Located in beautiful San Juan Capistrano, the Mission was founded by Serra on November 1, 1776; and soon became one of busiest in the territory. On the night of December 18, 1812, a catastrophic earthquake effectively leveled the massive chapel, taking the lives of forty worshipers.
Investigators claim that the mission is haunted by a young woman named Magdalena who was killed in the 1812 earthquake that destroyed the Great Stone Church and by a faceless monk who roams the mission halls. Just recently Ghost Hunters made a trip to the Historical Landmark and dug up some remarkable Electronic Voice Phenomena evidence as well as strange "earthquake" sounds. Many report seeing Madelena's face by candlelight in the highest church window. There are also sightings of a faceless monk roaming one of the mission's corridors, and footsteps of a soldier still keeping watch.
There is also Mission San Juan Capistrano Cemetery, "which More than 2,000 former inhabitants (mostly Juaneño Indians) are buried in unmarked graves in the Mission's cemetery (campo santos). The remains of Father (later Monsignor) St. John O'Sullivan, who recognized the property's historic value and working tirelessly to conserve and rebuild its structures, are buried at the entrance to the cemetery on the west side of the property, and a statue raised in his honor stands at the head of the crypt. Father O'Sullivan's tomb lies at the foot of a Celtic cross the Father himself erected as a memorial to the Mission's builders.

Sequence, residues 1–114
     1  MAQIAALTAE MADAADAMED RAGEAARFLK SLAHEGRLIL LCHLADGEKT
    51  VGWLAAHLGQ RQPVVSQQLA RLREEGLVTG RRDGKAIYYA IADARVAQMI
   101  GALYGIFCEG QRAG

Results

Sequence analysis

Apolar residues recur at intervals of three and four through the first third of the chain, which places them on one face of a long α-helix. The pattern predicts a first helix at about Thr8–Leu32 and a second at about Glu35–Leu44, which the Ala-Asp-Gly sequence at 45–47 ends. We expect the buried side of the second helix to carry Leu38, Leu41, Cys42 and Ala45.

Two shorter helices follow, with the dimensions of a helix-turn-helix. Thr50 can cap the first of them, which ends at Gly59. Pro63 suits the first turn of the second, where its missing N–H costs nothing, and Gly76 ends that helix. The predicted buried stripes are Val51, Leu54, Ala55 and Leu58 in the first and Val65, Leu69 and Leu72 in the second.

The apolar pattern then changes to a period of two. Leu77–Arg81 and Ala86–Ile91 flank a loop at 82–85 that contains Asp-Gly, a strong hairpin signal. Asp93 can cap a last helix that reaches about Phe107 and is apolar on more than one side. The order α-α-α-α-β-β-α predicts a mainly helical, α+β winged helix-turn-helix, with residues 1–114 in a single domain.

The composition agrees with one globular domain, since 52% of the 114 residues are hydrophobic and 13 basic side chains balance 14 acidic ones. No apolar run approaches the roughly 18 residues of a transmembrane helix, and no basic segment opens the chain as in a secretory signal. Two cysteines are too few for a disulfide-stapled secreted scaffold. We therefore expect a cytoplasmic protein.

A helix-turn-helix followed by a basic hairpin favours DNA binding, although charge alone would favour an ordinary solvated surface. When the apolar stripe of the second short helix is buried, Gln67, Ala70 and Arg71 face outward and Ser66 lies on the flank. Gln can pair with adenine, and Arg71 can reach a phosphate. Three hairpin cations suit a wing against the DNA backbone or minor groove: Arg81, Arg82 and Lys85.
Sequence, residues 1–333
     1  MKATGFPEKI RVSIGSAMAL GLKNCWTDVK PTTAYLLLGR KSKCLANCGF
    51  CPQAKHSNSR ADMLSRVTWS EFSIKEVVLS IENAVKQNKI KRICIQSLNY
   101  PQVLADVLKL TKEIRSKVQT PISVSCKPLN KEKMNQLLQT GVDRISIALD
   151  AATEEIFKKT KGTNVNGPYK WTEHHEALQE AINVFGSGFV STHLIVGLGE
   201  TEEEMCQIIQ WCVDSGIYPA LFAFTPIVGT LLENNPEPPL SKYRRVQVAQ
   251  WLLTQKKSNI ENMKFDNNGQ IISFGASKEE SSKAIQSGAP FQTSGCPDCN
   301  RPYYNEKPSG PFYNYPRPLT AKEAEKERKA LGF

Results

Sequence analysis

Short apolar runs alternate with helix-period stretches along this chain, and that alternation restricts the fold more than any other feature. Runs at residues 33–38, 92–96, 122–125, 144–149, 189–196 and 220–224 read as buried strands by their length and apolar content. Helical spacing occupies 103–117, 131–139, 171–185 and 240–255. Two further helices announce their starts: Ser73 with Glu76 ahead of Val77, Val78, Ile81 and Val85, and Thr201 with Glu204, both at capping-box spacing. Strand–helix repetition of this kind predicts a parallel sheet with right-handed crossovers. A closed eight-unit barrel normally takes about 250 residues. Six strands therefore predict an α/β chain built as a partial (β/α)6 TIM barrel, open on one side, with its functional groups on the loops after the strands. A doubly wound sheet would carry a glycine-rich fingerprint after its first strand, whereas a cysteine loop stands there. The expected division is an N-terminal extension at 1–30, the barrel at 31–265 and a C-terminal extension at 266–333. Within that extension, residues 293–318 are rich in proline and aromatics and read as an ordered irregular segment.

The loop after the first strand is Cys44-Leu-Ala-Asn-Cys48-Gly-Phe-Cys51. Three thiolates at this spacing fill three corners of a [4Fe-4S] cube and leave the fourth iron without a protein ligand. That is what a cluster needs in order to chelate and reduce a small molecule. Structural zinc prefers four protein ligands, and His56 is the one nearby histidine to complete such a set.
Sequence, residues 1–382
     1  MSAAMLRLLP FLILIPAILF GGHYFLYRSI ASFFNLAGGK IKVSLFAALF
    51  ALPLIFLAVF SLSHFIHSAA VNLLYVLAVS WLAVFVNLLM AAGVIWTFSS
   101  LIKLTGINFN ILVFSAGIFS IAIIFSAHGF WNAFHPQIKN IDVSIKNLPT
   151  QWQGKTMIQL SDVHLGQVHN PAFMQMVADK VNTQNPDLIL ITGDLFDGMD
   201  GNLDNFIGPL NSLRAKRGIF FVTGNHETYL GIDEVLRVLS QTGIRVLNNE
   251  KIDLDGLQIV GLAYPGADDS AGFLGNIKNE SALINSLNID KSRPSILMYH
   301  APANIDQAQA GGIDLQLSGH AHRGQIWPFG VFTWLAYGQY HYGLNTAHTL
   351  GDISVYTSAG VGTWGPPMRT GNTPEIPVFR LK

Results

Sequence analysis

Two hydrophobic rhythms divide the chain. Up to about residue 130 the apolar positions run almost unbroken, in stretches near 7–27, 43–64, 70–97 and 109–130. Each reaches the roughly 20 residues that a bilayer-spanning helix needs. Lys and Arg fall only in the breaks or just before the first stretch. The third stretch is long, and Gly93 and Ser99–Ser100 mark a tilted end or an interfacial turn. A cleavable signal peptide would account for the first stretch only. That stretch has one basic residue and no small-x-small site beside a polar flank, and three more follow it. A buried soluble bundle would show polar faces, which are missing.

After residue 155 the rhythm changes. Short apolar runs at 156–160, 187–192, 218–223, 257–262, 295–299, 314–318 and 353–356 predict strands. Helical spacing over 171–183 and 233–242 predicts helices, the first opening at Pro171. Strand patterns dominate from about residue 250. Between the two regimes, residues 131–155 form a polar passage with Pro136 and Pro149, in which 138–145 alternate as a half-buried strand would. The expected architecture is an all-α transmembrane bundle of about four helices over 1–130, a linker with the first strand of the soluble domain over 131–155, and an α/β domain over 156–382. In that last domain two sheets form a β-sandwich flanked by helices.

When the Great Stone Church collapsed in the quake of 1812 forty native worshippers who were attending mass and two boys who had been ringing the bells in the tower were buried under the rubble and lost their lives, and were subsequently interred in the Mission cemetery. Father O'Sullivan died in 1933 and was interred in the Mission cemetery (campo santos) amongst more than 2,000 former inhabitants (mostly Juaneño Indians), who are buried in unmarked graves.
From a sign at the entrance -
The Mission cemetery served as burial land for the local people. The first burial was recorded on March 9, 1781 and it is believed that approximately 2,000 people were buried here. Internments ended in 1850 and were relocated to land east of the Mission. An exception was made in 1934 to inter Father John O'Sullivan, who during his 23-year residency directed the restoration at the Mission. Father O'Sullivan also installed the tall monument in the cemetery as a memorial to those who built this Mission. The black granite marker memorializes the Spanish soldier Jose Antonia Yorba who helped found the Mission."- Waymarking, Max Cacher
When checking out the Mission recently it was on a bright summer day with a ton of people there; so I was unable to capture any audio or visual evidence. I will have to visit on an off-day when there are not so many people around. I have been to the mission many times before with family, school, and in my own personal time; and have never had an experience on my own. It's beautiful as it is, there is no complaints! Go see this astonishing piece of Californian History.